Print Edition - 2016-11-20 | News
ICJ reminds Nepal of commitment to justice for conflict victims
- 10 years of peace deal
Nov 20, 2016-
As Nepal prepares to mark the tenth anniversary of the signing of the Comprehensive Peace Agreement, the International Commission of Jurists, a non-governmental organisation dedicated to promotion of rule of law, has urged Nepal’s authorities to renew their commitment to “truth, justice and reparation for victims of the conflict”.
The CPA was signed between the government of Nepal and then-Communist Party of Nepal (Maoist) on 21 November 2006, ending a decade-old insurgency.
“The hope and promise to conflict victims towards fulfilment of their rights to truth, justice and reparation that came with the signing of the CPA and the end of the conflict ten years ago have yet to be realised,” ICJ Asia director Sam Zarifi said in a statement on Saturday.
“Over the last ten years, various governments from all the different parties have blocked or hindered the transitional justice process, ignoring rulings by the Supreme Court that demanded compliance with international law and standards.”
The ICJ also said the Truth and Reconciliation Commission and the Commission of Investigation on Enforced Disappeared Persons, established in February last year have thus far “failed to carry out their respective mandates in a credible manner through a transparent, victim-centric consultative process”.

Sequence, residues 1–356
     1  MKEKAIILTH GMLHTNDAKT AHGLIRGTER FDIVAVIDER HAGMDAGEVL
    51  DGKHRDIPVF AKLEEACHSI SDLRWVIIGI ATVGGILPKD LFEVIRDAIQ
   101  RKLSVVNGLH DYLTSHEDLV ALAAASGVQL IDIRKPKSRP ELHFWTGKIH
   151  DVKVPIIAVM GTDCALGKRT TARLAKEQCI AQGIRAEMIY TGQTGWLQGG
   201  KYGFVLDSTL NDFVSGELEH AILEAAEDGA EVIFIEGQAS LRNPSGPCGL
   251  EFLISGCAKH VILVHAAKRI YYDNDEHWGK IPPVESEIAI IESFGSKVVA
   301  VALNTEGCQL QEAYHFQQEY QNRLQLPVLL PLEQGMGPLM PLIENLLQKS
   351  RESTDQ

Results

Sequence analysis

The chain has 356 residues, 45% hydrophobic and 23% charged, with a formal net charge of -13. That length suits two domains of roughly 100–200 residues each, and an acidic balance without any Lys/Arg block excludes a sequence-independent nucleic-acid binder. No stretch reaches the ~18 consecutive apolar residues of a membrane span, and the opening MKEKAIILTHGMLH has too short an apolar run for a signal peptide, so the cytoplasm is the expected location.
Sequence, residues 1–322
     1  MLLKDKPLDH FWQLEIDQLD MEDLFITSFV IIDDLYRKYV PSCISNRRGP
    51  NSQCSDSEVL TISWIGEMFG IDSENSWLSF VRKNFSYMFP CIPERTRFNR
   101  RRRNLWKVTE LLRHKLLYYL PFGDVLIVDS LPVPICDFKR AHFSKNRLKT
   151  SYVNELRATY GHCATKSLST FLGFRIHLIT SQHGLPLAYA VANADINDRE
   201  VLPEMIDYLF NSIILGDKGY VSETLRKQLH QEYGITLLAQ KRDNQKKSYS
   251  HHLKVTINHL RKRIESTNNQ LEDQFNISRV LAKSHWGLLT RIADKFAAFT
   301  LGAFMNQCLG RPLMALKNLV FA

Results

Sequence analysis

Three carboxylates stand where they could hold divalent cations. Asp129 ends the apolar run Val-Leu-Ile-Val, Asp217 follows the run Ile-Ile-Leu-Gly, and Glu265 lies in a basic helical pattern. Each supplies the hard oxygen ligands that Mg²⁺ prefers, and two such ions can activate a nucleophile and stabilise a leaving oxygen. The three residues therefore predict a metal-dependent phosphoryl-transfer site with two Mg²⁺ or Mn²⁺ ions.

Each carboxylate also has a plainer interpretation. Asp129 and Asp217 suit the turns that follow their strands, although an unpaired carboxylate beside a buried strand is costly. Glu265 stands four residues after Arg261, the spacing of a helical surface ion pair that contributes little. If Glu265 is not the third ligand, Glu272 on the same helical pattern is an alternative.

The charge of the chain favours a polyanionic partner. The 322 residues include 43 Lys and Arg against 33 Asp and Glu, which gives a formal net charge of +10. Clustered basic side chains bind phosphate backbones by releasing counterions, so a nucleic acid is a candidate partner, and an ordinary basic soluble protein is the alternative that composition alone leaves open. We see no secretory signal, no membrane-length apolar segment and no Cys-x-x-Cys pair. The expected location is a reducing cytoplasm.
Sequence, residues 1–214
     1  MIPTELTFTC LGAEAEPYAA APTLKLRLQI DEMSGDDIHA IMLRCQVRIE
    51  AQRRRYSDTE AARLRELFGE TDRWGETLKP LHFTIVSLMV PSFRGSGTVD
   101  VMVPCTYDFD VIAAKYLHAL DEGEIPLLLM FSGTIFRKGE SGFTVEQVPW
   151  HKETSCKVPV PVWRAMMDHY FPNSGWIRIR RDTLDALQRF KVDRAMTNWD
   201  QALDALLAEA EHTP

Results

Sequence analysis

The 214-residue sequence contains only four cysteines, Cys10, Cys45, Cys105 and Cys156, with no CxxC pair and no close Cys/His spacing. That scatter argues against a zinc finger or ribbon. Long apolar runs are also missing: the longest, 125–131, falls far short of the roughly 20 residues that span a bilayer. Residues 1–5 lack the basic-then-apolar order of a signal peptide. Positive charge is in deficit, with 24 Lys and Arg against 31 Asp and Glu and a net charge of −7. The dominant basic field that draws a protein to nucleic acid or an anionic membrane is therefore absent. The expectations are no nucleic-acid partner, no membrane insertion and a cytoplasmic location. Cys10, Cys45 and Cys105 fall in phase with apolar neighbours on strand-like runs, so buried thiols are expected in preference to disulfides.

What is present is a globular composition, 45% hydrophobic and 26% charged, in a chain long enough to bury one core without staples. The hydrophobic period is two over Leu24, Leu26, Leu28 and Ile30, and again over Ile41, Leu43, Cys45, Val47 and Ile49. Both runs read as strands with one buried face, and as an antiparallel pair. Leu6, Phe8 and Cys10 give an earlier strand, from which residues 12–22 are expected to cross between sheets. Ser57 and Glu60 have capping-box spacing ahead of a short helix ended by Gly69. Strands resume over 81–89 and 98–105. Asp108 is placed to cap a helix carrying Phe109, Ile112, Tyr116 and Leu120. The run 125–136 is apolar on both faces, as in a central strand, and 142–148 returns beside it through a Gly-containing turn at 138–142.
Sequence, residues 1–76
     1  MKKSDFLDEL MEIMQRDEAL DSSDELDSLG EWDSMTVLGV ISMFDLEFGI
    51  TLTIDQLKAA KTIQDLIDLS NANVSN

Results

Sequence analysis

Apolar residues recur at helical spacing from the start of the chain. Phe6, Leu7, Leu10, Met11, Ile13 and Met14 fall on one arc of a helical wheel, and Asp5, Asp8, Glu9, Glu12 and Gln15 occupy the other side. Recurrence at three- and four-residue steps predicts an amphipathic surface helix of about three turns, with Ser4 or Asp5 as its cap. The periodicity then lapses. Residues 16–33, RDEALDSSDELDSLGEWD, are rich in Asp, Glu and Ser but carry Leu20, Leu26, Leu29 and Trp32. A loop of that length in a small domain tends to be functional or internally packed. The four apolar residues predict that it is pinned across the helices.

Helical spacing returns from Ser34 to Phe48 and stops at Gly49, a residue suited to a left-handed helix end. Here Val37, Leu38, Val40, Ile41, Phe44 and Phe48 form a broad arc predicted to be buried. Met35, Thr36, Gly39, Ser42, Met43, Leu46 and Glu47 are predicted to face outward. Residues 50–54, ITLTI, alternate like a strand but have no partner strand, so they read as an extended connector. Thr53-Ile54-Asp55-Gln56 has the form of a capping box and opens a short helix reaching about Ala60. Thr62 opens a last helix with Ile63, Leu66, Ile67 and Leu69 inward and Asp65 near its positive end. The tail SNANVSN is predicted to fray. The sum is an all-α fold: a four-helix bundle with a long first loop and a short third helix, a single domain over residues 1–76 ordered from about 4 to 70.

It expressed its concern that only three months remained of the commissions’ two-year mandate while no investigation into specific cases had begun.
“The TRC Act is a deeply flawed enabling statute as the Supreme Court itself in its February 2015 ruling struck down key provisions as unconstitutional and in contravention of Nepal’s international human rights obligations,” the ICJ statement read. “To date, the Nepal authorities have taken no action to implement the court’s judgment and rectify the flawed process.”
ICJ criticised the lack of transparency surrounding the process to amend the TRC Act. It also demanded transparency on the process to set up a special court to try conflict-era crimes, while emphasising on the need to ensure accountability towards putting an end to impunity.
“The Nepal government has an opportunity on the occasion of the 10 anniversary of the CPA to alleviate victims’ severe distrust of the process by reaffirming its stated commitment to victims’ rights through a credible, transparent and victim-centred transitional justice process,” Zarifi said.
Published: 20-11-2016 07:59